return testFragmentBinding?.root
}

override fun onDestroyView() {
super.onDestroyView()
testFragmentBinding = null
}

}
We have to create it, inflate it, set it to null in onDestroyView()
 

But why set it to null?

Fragments can be detached (when that happens the view is the only one that gets killed) but they'll still live, except if we don't destroy the view, mister memory leak appears.

class TestFragment : Fragment(R.layout.test_fragment) {

private val testFragmentBinding by viewBinding(TestFragmentBinding::bind)

override fun onViewCreated(view: View, savedInstanceState: Bundle?) {
super.onViewCreated(view, savedInstanceState)
//do your stuff
}
}
fun <T : ViewBinding> Fragment.viewBinding(
viewBindingFactory: (View) -> T,
disposeEvents: T.() -> Unit = {}) =
FragmentViewBindingDelegate(this, viewBindingFactory, disposeEvents)

Similar to our activity case, but instead, our parameter here is a view and we have disposeEvents which is invoked on an object and this FragmentViewBindingDelegate inspired by Zhuinden's post

class FragmentViewBindingDelegate<T : ViewBinding>(private val fragment: Fragment,
private val viewBinder: (View) -> T,
private val disposeEvents: T.() -> Unit = {}) : ReadOnlyProperty<Fragment, T>, LifecycleObserver {

init {
fragment.observeLifecycleOwnerThroughLifecycleCreation {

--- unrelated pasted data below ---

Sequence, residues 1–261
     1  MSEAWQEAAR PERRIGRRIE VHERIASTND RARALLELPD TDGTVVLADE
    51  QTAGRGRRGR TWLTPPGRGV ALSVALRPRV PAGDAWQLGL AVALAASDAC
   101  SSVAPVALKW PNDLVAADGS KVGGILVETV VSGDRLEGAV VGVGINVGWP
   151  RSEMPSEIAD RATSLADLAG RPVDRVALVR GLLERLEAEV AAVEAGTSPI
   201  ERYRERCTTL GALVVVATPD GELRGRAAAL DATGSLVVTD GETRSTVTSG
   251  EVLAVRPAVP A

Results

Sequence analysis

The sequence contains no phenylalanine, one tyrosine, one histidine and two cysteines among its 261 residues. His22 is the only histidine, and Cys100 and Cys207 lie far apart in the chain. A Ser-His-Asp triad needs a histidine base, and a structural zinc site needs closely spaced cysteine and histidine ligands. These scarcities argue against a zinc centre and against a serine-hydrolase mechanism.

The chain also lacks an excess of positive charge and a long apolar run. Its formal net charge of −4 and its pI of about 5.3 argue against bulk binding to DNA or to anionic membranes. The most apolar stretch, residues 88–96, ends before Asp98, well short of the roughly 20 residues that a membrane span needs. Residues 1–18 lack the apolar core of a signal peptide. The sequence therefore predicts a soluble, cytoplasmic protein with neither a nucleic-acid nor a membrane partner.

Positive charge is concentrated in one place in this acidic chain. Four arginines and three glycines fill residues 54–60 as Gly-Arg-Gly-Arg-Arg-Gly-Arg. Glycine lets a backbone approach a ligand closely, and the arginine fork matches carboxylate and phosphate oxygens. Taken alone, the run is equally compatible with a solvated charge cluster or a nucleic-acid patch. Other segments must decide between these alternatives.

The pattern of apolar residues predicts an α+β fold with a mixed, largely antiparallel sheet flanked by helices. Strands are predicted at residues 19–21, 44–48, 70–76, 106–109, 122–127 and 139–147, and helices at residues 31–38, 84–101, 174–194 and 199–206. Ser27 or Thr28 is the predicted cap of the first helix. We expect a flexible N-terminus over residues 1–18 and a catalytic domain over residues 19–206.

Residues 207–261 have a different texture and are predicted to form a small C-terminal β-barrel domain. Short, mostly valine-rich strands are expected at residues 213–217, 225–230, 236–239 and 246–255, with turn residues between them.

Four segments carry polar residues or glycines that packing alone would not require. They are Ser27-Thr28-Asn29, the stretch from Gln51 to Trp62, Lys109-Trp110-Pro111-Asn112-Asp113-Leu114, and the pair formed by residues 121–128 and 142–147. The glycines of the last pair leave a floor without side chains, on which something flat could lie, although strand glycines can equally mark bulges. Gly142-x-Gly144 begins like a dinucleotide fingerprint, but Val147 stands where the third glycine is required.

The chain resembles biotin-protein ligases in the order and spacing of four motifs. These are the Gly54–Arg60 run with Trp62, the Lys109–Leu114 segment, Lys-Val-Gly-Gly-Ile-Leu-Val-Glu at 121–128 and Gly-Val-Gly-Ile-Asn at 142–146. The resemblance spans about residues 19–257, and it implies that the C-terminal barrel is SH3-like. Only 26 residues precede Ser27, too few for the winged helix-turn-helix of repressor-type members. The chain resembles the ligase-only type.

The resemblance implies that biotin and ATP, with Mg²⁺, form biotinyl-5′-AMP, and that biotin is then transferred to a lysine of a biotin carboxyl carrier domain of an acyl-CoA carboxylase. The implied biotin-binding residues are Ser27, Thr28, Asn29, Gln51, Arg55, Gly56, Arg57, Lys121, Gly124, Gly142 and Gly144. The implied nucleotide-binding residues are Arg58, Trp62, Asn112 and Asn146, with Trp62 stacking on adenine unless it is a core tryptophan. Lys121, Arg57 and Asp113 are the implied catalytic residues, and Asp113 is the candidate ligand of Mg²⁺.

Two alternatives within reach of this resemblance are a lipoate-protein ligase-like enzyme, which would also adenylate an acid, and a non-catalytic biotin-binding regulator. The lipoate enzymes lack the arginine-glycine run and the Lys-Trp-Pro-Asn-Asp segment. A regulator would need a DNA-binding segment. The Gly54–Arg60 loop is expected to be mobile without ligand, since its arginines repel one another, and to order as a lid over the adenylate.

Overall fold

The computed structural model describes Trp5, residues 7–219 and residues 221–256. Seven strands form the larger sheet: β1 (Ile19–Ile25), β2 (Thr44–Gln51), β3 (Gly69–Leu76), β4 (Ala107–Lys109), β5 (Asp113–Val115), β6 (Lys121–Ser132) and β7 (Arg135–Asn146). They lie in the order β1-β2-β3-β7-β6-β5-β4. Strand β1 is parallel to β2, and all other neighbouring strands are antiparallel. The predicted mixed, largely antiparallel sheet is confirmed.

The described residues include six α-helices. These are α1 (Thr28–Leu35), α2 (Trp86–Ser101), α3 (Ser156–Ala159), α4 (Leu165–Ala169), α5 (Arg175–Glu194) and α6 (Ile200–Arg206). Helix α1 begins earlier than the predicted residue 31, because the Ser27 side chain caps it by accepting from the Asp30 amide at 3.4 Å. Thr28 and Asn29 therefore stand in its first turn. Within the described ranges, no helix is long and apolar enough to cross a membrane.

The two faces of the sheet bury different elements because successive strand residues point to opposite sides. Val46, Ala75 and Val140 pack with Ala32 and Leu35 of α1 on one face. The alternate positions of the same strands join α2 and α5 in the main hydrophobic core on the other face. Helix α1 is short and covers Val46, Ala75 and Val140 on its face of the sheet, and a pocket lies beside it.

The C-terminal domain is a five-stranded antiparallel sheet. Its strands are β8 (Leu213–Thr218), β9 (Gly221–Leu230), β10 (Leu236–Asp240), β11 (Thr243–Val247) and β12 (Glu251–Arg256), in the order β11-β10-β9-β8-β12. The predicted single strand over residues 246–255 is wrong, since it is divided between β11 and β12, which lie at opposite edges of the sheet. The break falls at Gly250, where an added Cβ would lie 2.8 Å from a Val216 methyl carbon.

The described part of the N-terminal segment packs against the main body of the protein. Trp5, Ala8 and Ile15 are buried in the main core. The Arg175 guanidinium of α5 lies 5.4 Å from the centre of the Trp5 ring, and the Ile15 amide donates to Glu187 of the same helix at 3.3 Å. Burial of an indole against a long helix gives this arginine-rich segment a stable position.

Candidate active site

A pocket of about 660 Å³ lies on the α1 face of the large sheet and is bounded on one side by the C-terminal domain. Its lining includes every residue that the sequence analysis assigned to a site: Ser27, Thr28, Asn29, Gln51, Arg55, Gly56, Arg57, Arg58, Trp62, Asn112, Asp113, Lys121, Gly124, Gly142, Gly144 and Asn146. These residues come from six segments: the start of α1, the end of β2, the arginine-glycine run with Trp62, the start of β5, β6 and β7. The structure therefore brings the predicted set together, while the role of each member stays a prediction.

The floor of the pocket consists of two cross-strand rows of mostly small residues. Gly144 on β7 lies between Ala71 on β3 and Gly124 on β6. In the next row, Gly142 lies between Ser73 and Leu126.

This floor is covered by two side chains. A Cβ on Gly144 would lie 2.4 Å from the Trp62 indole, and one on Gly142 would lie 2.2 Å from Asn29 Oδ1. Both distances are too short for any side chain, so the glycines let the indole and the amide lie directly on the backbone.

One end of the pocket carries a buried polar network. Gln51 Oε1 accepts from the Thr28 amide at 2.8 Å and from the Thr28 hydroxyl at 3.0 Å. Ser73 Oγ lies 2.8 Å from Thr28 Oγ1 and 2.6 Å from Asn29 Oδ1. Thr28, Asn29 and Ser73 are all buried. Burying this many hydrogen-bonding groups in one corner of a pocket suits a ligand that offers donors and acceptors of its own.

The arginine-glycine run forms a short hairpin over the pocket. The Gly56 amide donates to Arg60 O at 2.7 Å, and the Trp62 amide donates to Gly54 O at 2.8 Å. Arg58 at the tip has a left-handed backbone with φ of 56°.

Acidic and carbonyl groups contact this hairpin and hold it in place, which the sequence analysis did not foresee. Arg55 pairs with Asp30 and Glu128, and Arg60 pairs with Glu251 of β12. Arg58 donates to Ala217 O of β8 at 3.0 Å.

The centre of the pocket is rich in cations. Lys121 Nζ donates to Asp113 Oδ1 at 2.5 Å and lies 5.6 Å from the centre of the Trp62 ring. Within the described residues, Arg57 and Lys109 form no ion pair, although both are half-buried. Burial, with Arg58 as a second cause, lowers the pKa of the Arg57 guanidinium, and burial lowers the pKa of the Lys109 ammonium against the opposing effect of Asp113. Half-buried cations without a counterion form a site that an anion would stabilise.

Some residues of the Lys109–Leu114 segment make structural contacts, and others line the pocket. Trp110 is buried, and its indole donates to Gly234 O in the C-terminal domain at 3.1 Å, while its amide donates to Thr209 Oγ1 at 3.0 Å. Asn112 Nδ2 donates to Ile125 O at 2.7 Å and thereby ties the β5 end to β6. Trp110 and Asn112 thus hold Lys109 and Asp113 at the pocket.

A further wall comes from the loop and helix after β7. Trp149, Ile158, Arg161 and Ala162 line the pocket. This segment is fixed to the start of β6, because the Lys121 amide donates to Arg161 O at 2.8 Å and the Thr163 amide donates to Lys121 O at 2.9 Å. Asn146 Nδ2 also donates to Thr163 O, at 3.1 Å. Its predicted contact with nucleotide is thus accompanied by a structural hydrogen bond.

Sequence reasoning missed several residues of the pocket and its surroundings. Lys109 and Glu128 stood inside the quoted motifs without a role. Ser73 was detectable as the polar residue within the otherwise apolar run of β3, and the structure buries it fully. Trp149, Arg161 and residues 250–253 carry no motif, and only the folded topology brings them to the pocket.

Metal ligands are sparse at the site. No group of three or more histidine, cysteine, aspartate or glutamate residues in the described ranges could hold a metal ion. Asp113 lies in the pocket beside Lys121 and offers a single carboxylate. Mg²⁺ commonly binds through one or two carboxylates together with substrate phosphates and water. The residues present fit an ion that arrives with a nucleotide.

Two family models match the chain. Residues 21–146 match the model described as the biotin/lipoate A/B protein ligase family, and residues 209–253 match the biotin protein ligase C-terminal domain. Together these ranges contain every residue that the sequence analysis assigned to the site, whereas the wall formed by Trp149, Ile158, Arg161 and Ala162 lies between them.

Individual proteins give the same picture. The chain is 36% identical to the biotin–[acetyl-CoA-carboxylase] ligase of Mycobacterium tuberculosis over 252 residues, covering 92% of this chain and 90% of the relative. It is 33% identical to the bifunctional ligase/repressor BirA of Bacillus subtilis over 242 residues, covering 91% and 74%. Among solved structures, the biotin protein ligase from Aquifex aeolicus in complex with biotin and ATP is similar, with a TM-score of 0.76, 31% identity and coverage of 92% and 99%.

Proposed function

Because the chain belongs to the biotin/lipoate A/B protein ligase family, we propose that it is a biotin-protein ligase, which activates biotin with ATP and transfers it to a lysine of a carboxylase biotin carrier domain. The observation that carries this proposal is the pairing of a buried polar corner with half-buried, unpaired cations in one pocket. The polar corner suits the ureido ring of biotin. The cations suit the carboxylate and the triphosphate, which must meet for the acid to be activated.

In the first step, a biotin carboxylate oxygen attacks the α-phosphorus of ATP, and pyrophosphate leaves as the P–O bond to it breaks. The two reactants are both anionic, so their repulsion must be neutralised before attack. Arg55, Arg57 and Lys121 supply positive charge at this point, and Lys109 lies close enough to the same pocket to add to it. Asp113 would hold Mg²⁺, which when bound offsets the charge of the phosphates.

lifecycle.addObserver(this@FragmentViewBindingDelegate)
}
}

private inline fun Fragment.observeLifecycleOwnerThroughLifecycleCreation(crossinline viewOwner: LifecycleOwner.() -> Unit) {
lifecycle.addObserver(object : DefaultLifecycleObserver {
override fun onCreate(owner: LifecycleOwner) {
viewLifecycleOwnerLiveData.observe(this@observeLifecycleOwnerThroughLifecycleCreation, Observer { viewLifecycleOwner ->
viewLifecycleOwner.viewOwner()
})
}
})
}

private var fragmentBinding: T? = null

@OnLifecycleEvent(Lifecycle.Event.ON_DESTROY)
fun disposeBinding() {
fragmentBinding?.disposeEvents()
fragmentBinding = null
}

override fun getValue(thisRef: Fragment, property: KProperty<*>): T {
ensureMainThread()
val binding = fragmentBinding
if (binding != null) {
return binding
}
val lifecycle = fragment.viewLifecycleOwner.lifecycle
if (!lifecycle.currentState.isAtLeast(Lifecycle.State.INITIALIZED)) {
throw IllegalStateException("Fragment views are destroyed.")
}
return viewBinder(thisRef.requireView()).also { fragmentBinding = it }
}
}

It's kinda obnoxious to look at first, but let's take a dive,

We have our Fragment again that's holding the property, our viewBinder which accepts a View as a parameter and disposeEvents function (more on that later).

init {
fragment.observeLifecycleOwnerThroughLifecycleCreation {
lifecycle.addObserver(this@FragmentViewBindingDelegate)
}
}

private inline fun Fragment.observeLifecycleOwnerThroughLifecycleCreation(crossinline viewOwner: LifecycleOwner.() -> Unit) {
lifecycle.addObserver(object : DefaultLifecycleObserver {
override fun onCreate(owner: LifecycleOwner) {
viewLifecycleOwnerLiveData.observe(this@observeLifecycleOwnerThroughLifecycleCreation, Observer { viewLifecycleOwner ->
viewLifecycleOwner.viewOwner()
})
}
})
}

We need to listen to the lifecycle somehow ... we need to know when the viewLifecycle is created so that we can do our bindings, thankfully Fragments have

viewLifecycleOwnerLiveData
which we can use to observe and provide lifecycle events we have to listen to the lifecycle onCreate event then and only then we know that we can observe viewLifecycleOwnerLiveData and take the observation result to add an observer (listen for events) to this delegate, FRAGMENTS ARE EASY.

override fun getValue(thisRef: Fragment, property: KProperty<*>): T {